Wednesday, 5 July 2017


Today we have something special, a guest post!! One of my Camp NaNoWrimo buddies, Grace Wesier from the blog Writerly, offered to do a guest post about Villains as you can see. I hope you have fun and I'll meet you again at the end of this wonderful thought journey Grace is going to take us through.

Good and evil, black and white, hero and villain, right and wrong. These are terms we use all the time as writers, showing a world to our readers that portrays the hero as fighting for the good of society, and the villain as trying to destroy it. True, the hero isn’t always perfect (fatal flaws are a writer’s best friend) and the villain isn’t always aaall bad (isn’t it funny how only the hot ones are misunderstood?), but at the end of the day most stories fall into the “justice triumphs and all is well with the world” cliche that we’re all familiar with.
Before I begin, let me clarify by saying this isn’t always the case.  Not everyone writes stories with happy endings, and not everyone likes stories where the hero gets what they most desire and the villain is vanquished in a firey final battle. While that’s nice to read every once and a while, it’s getting a bit old and there are some who don’t find it as compelling as most.
I’m one of those people. I’m also cursed with the ability to see pretty much every side to an argument or problem. Hence this topic. So I’m going to blow your mind for a second.  Hold tight to your seats and buckle in, readers.  It’s time for the roller coaster of self-doubt and writers’ anxiety.

What if your hero is wrong????

Okay now take a deep breath, calm down, it's okay. You'l make it out of this alive.
Walk around the room a couple times, get a snack, drink some water...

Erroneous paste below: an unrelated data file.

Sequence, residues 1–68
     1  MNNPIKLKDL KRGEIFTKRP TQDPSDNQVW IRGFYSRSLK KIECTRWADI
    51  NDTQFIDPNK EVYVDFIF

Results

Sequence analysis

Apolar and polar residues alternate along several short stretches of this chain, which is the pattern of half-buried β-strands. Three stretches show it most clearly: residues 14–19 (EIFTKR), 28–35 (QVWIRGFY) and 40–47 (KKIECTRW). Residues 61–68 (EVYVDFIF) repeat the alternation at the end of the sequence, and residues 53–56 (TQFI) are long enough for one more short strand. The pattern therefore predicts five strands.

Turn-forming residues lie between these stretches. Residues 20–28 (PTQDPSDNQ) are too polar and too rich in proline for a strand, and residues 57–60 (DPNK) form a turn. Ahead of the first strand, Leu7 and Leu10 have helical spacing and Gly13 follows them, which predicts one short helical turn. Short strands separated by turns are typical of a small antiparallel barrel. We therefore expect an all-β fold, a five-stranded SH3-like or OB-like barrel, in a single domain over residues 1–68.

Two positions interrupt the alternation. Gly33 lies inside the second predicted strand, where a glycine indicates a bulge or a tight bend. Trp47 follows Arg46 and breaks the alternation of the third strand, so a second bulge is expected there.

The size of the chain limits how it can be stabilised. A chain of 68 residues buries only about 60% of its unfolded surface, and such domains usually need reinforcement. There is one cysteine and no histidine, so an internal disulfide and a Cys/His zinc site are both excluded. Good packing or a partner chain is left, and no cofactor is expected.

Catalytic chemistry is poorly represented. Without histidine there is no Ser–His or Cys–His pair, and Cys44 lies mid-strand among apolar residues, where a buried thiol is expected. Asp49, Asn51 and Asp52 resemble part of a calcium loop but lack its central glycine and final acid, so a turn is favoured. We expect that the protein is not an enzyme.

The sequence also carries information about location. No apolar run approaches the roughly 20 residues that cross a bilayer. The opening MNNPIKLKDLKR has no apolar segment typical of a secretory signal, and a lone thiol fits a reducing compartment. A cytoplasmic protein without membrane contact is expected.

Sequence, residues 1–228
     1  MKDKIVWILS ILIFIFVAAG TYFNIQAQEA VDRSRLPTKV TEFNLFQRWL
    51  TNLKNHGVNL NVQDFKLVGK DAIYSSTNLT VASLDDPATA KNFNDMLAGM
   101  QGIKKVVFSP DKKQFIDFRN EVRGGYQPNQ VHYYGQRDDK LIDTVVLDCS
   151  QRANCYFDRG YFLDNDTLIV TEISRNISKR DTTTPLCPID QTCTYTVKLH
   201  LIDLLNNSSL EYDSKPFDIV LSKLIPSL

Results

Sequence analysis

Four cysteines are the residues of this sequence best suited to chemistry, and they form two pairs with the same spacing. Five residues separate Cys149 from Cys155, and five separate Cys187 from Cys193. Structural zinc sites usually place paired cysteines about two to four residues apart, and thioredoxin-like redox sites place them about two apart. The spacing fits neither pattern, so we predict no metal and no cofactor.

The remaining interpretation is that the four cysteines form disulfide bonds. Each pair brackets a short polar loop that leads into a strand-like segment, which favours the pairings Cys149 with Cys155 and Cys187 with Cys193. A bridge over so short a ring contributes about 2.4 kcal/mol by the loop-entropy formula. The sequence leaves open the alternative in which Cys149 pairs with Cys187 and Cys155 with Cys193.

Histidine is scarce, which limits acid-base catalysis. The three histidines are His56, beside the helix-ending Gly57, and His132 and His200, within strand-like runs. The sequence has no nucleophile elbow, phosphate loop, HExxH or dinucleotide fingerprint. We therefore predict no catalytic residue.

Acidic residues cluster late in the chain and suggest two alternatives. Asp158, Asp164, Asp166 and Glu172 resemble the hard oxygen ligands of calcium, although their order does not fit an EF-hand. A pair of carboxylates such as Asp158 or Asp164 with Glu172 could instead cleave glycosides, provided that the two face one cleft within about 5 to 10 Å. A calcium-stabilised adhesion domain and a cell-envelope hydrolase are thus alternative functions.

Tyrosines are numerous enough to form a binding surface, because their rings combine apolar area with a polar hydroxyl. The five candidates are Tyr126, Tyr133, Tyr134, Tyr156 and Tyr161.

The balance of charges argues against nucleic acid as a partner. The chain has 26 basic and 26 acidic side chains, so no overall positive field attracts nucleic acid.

Better now?
Good. Time to walk you through developing an amazing an terrifying villain. Let's se numbered points to make this easier.

1. Your villain believes he’s in the right.
Despite what we like to think, bad guys don’t usually go around declaring themselves to be a terrible person.  Some do, we’ll get to that later.  For now, let’s focus on the most important part of this whole thing.  You see, everyone who has a solid belief in something, also holds the belief that whatever they see as truth, is truth.  If they meet someone who doesn’t agree with them, they see that person as being wrong.  And that person having a good argument for their beliefs doesn’t guarantee a change either.

Despite how Right and Good you believe your hero to be, your villain is going to believe that his side is just as Right and Good, and that the hero is the one who should be punished.

2. Your villain is going to fight for his beliefs.
Fighting for what you believe in goes right alongside believing in ANYTHING. It can be something small like how you make a peanut butter and jelly sandwich, or something big, like if there’s a god. No matter what it is, you’re going to fight for it on some scale, and your villain will too. Heck, that’s the whole reason he’s the freaking villain!  Giving your bad guy a passion and an end goal focused on what they believe is the key part of making him an antagonist.

Be careful to remember the first point, though. He’s not going to get fired up and passionate about something he doesn’t hold to be true. Make sure you fully develop a set of beliefs for your villain before you make him fight the hero.

3. Your villain is going to be convincing.
It might be one guy, it might be an entire nation, it might be the whole world. There is going to be SOMEONE out there who agrees with the bad guy in your story. This is because right along with believing something and fighting for it, comes convincing other people that you’re right. Obviously there are some people who will not be convinced, but there’s others who would accept it absolutely and only follow you from then on out. Your villain is going to have to believe that they are genuinely right in order to do this. You can’t always make a rousing speech about something you think is wrong, even if you’re doing it for profit.  People can usually tell.

That being said, using violence is often a very effective way to get someone to at least admit that you’re right.  Don’t be surprised if your villain takes that route.

4. He’s only a villain because he opposes the hero.
Bear in mind that while I’ve talked about using violence to convince people to take a side, fighting passionately about beliefs, and so on and so forth, your villain doesn’t have to be a bad person, a killer, a thief, a devilishly handsome rogue, etc.  All he has to do is stand in the way of the hero, or in some way put the hero in a position which requires action on the hero’s part.  Any political change shows this clearly.  You don’t have to be a bad person to be cast as the antagonist in a story, you just have to disagree. It’s really that easy.